What’s the easiest way to batch resize in Photoshop?
In this article, I’m going to take you through a simple, step-by-step process for resizing your images. It’ll take seconds – and when you’re done, you’ll be able to resize dozens (or hundreds!) of photos at once.
Let’s get started.
Batch resizing in Photoshop: step by step
Batch resizing isn’t hard, and it takes very little knowledge.
To start, make sure you open some files in Photoshop (though note that you don’t need to open all the files you’re aiming to resize; a random file or an empty canvas will do just fine). As you can see below, I’ve opened a blank document:
I’m going to cover the Image Processor method of batch resizing. Pretty much anyone can do it, and it generally works well. However, if you have more complex batch resizing requirements, consider writing an action; that way, you can tailor the resizing to your particular needs.
Now let’s take a closer look at the batch resizing process, starting with:
Step 1: Open the Image Processor
Choose File>Scripts>Image Processor.
The Image Processor dialog box will open, where you’ll see a simple, four-step process for resizing your images:
Step 2: Select your images for batch resizing
In the first section of the Image Processor dialog box, you’ll need to identify the images you want to batch resize.
You can choose to resize all open images by selecting Use Open Images:
Or you can pick a folder from your hard drive via the Select Folder button:
If you do select a folder, you can tell Photoshop to resize images in all subfolders as well; just hit the Include All sub-folders checkbox:
Step 3: Determine your export location
Now it’s time to determine where you want your resized images to go.
To save the resized versions alongside the originals, simply select Save in Same Location:
Then, when the resizing begins, Photoshop will create a subfolder next to the original files. (Because your resized versions will retain the names of the original files, creating a subfolder – rather than simply saving the images in the original folder – prevents any overwriting.)
Alternatively, you can select a different folder for the resized files:
Step 4: Input your preferred image sizes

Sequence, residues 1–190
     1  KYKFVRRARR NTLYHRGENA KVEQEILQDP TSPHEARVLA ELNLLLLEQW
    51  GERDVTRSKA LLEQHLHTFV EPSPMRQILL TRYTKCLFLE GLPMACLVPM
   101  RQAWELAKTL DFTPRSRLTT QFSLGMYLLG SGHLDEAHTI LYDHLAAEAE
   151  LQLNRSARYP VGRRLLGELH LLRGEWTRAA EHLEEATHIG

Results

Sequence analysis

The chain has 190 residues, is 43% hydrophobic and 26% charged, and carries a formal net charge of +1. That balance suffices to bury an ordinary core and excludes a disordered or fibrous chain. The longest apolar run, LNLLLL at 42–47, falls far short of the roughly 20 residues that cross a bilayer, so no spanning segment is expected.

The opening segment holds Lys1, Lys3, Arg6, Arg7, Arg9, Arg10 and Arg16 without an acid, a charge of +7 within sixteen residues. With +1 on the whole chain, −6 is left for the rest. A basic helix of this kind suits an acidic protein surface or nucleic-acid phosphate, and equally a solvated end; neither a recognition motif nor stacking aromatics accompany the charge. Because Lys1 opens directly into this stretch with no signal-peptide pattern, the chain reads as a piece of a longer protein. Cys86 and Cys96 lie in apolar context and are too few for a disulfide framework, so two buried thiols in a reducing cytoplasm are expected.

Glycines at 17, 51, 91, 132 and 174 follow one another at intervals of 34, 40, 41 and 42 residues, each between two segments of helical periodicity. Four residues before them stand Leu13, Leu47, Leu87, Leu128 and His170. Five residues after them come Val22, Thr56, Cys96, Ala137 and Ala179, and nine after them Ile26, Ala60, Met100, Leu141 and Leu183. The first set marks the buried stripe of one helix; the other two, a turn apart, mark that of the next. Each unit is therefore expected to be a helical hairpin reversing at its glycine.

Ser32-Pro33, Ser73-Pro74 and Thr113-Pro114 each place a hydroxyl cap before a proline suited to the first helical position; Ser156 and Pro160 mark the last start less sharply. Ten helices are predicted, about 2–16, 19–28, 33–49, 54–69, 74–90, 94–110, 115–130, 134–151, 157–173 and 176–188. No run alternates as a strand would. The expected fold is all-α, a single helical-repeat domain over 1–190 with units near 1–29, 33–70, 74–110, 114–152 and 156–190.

This is the most important step of the entire process:
The moment where you dial in resize settings for your files.
First, determine your output file type. You can choose from JPEG, PSD, and TIFF (JPEG is the default and generally works well, but if you’re working with layered files, then PSD is a good choice).
If you do decide to save JPEGs, you can adjust the output quality; 12 will give you large, great-looking photos, whereas 1 will give you tiny, low-quality results.
For better color when displaying your photos on the web, select Convert Profile to sRGB:
I also recommend checking the Include ICC Profile box at the bottom:
Finally, select Resize to Fit, and type in your preferred file size!
Note that the dimensions you dial in are maximums. So if you type in 300 for the width and 300 for the height, the files will be resized so that the longest side of every image is 300 pixels.
(In other words, the images won’t be cropped or skewed to fit your preferred dimensions; they’ll be scaled up or down for the most natural-looking results.)
Also note that the width and height measurements don’t have to be the same. You could specify a width of 400 and a height of 300 – then all images would be constrained to a width of 400 or a height of 300, whichever comes first.
By the way, you do have the option to save your images in a second (or third) format, as well. Just select the Save as PSD or Save as TIFF checkboxes, and PSD and/or TIFF folders will be created alongside your JPEG folder!
Step 5: Run the script
When you’re ready, click Run.
The images will be automatically opened (if they’re not open already), resized, saved, and closed again.
To find your resized images, simply head to the folder you specified in Step 3 (above). If you chose to save JPEGs, the images will be in a subfolder called JPEG; if you chose to save TIFFs, the images will be in a subfolder called TIFF, etc.
How to batch resize in Photoshop: final words
Well, there you have it:
The easiest way to batch resize your images in Photoshop.
So whenever you need to resize a lot of images for uploading on the web, use the Photoshop Image Processor.
It makes the job quick and painless!
Now over to you:
Do you have a favorite method of batch resizing images in Photoshop? If so, share it in the comments below!